The Sun Also Rises

Pdf fan dd71f526917d6085d66d045bd94fb5b55d02a108dd45d836cbdd4abe2d4c043d Tap here to download this LitChart! (PDF)

Bullfighting Symbol Analysis

Bullfighting Symbol Icon
Hemingway uses bullfighting as an ongoing metaphor for war and the nature of masculinity. The bullfight represents, in part, the ideals of war that were destroyed by the mechanized war of World War I. The bullfight is a battle of skill, of two beings coming face to face in search of victory and glory. As such, the bullfights fascinate the characters: the fight has rules, it has honor, it has skill all the things that they no longer believe in out in the "real world."

The bullfight also represents the dangers of sex and love. The bullfights are described as seductions, in sexualized language (it is a fight after all, in which a man tries to stick a long hard object into the bull), and yet it always ends in destruction, of either the bullfighter or the bull. Similarly, Belmonte is cast aside in the affections of the fans as soon as someone better comes along, in this case Romero. The fickleness of the crowds mirrors Brett's behavior, as she jumps from lover to lover.

Bullfighting Quotes in The Sun Also Rises

The The Sun Also Rises quotes below all refer to the symbol of Bullfighting. For each quote, you can also see the other characters and themes related to it (each theme is indicated by its own dot and icon, like this one:
The Lost Generation Theme Icon
). Note: all page and citation info for the quotes below refers to the Scribner edition of The Sun Also Rises published in 1954.
Chapter 2 Quotes
"I can't stand it to think my life is going so fast and I'm not really living it."
"Nobody ever lives life all the way up except bull-fighters"
Cohn and Jake
Related Characters: Jake Barnes (speaker), Robert Cohn (speaker)
Related Symbols: Bullfighting
Page Number: 18
Explanation and Analysis:

Here, Cohn and Jake discuss plans to travel to South America. Cohn has the vague desire to be “living” more, and Jake seems suspicious of any such attempt. Though Jake can certainly relate to Cohn’s lack of direction, it’s unlikely that Jake shares with Cohn a sense that life is “going so fast” – as a veteran of World War I, Jake has perhaps experienced too much. Jake seems to think that Cohn’s aspirations are naïve, and that life by its very nature is unfulfilling. If Cohn worries about feeling aimless, Jake asks what one can even hope to aim for.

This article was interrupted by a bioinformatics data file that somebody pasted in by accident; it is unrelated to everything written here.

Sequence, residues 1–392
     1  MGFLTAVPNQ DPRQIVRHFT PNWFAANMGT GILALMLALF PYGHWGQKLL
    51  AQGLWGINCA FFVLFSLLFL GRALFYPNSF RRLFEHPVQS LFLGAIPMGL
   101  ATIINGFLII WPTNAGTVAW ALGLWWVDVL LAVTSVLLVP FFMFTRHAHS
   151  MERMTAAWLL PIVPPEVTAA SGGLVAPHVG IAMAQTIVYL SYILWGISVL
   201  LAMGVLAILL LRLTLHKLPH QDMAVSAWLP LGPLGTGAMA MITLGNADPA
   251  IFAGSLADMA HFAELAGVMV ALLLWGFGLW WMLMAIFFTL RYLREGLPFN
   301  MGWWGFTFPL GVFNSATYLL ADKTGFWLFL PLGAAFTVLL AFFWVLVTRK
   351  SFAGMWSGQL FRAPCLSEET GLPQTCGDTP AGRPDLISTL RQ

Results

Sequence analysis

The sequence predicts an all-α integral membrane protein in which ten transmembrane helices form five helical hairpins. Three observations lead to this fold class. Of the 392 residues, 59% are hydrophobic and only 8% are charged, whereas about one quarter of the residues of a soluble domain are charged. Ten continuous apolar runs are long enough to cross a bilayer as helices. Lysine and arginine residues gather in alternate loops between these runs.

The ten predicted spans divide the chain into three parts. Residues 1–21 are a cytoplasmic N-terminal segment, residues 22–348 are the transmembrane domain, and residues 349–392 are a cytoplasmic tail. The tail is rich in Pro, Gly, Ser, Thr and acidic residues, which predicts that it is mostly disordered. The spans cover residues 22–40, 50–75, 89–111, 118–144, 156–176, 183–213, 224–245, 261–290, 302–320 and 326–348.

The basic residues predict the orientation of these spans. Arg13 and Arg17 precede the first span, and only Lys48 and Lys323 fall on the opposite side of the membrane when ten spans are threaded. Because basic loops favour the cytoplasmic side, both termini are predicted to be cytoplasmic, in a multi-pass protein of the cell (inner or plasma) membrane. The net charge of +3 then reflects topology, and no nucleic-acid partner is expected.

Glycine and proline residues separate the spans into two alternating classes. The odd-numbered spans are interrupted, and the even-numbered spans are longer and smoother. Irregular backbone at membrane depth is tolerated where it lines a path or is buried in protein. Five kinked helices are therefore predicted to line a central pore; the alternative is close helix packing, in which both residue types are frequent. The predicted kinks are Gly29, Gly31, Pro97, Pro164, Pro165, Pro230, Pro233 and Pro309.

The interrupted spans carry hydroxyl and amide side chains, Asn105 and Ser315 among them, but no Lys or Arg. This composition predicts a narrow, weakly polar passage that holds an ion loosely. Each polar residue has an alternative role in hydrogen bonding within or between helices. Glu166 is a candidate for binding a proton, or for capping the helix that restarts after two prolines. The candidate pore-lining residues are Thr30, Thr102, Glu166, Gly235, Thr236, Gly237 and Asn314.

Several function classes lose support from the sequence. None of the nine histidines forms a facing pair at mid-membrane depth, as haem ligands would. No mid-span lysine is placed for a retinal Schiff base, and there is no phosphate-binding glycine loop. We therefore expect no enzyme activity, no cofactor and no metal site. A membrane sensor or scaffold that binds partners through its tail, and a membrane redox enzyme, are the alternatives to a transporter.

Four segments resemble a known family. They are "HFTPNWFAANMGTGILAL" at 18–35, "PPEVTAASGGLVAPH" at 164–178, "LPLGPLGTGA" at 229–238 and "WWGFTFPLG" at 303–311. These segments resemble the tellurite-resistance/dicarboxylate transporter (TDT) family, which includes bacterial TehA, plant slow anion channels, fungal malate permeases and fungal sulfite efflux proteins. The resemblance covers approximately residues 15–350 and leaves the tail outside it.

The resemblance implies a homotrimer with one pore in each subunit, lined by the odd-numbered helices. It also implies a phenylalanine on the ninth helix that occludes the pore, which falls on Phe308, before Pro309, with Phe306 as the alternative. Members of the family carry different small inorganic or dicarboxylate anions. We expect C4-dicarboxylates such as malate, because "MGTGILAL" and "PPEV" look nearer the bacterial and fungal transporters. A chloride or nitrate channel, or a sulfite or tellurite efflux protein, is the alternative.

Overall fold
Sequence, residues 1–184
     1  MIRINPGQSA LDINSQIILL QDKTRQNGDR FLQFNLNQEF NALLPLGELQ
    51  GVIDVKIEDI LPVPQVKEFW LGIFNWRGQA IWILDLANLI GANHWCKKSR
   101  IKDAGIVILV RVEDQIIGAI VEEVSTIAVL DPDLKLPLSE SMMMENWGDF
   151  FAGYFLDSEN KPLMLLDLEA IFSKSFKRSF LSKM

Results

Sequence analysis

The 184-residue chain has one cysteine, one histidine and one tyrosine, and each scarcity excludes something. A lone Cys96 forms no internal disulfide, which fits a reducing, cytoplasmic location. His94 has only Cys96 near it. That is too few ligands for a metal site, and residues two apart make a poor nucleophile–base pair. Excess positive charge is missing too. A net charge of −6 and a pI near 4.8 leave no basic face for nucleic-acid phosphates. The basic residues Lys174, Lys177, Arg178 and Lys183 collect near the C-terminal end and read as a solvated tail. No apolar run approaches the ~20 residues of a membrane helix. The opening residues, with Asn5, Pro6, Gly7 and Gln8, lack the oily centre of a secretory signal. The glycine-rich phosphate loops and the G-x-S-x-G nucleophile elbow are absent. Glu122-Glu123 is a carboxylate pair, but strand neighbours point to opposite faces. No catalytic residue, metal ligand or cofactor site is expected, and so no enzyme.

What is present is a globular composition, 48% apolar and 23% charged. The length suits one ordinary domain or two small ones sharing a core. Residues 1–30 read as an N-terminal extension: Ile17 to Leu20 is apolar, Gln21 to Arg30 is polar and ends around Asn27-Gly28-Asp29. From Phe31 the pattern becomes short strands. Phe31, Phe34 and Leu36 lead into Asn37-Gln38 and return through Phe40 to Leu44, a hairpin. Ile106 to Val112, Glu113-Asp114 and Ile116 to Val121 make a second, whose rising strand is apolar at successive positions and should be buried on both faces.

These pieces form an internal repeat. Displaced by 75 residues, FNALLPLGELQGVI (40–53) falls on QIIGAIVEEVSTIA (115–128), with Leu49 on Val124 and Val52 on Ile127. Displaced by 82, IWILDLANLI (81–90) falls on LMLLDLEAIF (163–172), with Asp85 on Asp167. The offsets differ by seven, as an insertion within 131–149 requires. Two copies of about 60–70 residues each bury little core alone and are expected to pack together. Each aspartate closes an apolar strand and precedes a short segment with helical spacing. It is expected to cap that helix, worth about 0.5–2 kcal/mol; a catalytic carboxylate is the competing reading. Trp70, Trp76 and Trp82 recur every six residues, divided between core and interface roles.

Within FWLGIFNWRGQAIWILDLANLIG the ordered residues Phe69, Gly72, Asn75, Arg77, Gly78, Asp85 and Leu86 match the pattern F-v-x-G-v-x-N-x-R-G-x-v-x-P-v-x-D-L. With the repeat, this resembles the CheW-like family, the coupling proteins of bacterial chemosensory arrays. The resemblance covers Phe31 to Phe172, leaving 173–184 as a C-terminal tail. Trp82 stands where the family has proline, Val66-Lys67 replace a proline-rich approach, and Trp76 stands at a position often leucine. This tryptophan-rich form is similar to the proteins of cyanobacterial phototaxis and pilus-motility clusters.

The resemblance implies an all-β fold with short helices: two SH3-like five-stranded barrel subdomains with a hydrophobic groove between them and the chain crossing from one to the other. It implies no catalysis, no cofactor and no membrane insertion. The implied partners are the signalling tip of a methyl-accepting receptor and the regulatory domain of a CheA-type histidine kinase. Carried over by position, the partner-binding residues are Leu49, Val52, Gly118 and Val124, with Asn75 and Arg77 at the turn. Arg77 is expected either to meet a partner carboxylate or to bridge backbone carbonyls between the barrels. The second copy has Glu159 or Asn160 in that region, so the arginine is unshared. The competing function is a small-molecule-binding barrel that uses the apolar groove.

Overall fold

This exchange provides the novel’s first reference to bull fighting, introducing a metaphor that much of The Sun Also Rises is committed to developing. Bull fighting represents to Jake the ideal that war never lived up to: its violence is controlled, its rules set, and its victories legitimate cause for celebration. Bull-fighters have the glory and romance of face-to-face conflict without the lasting traumas of war. To be sure, Jake’s claim that bull-fighters alone know how to live well is perhaps not to be taken at face value. Still, it’s telling that Jake looks to these men – fearless actors in a spectacle of violence – as examples of what “really living” can look like.

A+

Unlock explanations and citation info for this and every other The Sun Also Rises quote.

Plus so much more...

Get LitCharts A+
Already a LitCharts A+ member? Sign in!
Chapter 13 Quotes
Those who were aficionados could always get rooms even when the hotel was full. Montoya introduced me to some of them. They were always very polite at first, and it amused them very much that I should be American. Somehow it was taken for granted that an American could not have aficion. – Jake
Related Characters: Jake Barnes (speaker), Montoya
Related Symbols: Bullfighting
Page Number: 137
Explanation and Analysis:

When Jake and Bill arrive back in Pamplona, they find that Montoya's hotel is filling up with people who are there to see the running of the bulls, and Jake begins to explain the true passion many men have for the sport. Jake appears, perhaps more than ever, connected to the people of Spain. He is comfortable, and his being accepted as an "aficionado" (someone with true passion for and knowledge of bullfighting) works to his advantage: his friends may seem like intruding foreigners, but Jake is treated with respect, even reverence.

Afición is here associated with a kind of masculinity. These men favor a sport in which other men display spectacular bravery in their fight against a real force of nature, a raging (and male) bull. When discussing and watching the sport together, they focus solely on the event, engaging themselves fully in the beauty—and violence—of sport.

Get the entire The Sun Also Rises LitChart as a printable PDF.
The sun also rises.pdf.medium

Bullfighting Symbol Timeline in The Sun Also Rises

The timeline below shows where the symbol Bullfighting appears in The Sun Also Rises. The colored dots and icons indicate which themes are associated with that appearance.
Chapter 2
The Lost Generation Theme Icon
Sport Theme Icon
Masculinity and Insecurity Theme Icon
Nature Theme Icon
...his life and that he needs to go to South America. Jake responds that only bullfighters live their lives to the fullest. (full context)
Chapter 4
The Lost Generation Theme Icon
Sport Theme Icon
Masculinity and Insecurity Theme Icon
Sex and Love Theme Icon
Jake goes to bed and reads through two bullfighting newspapers. He then turns out the lamp, but is unable to sleep and he thinks... (full context)
Chapter 16
Sport Theme Icon
Sex and Love Theme Icon
...leaves Brett and Romero at the table, and as he does so he notices that bullfighters and critics with whom Romero was speaking earlier look at him disapprovingly. When Jake returns... (full context)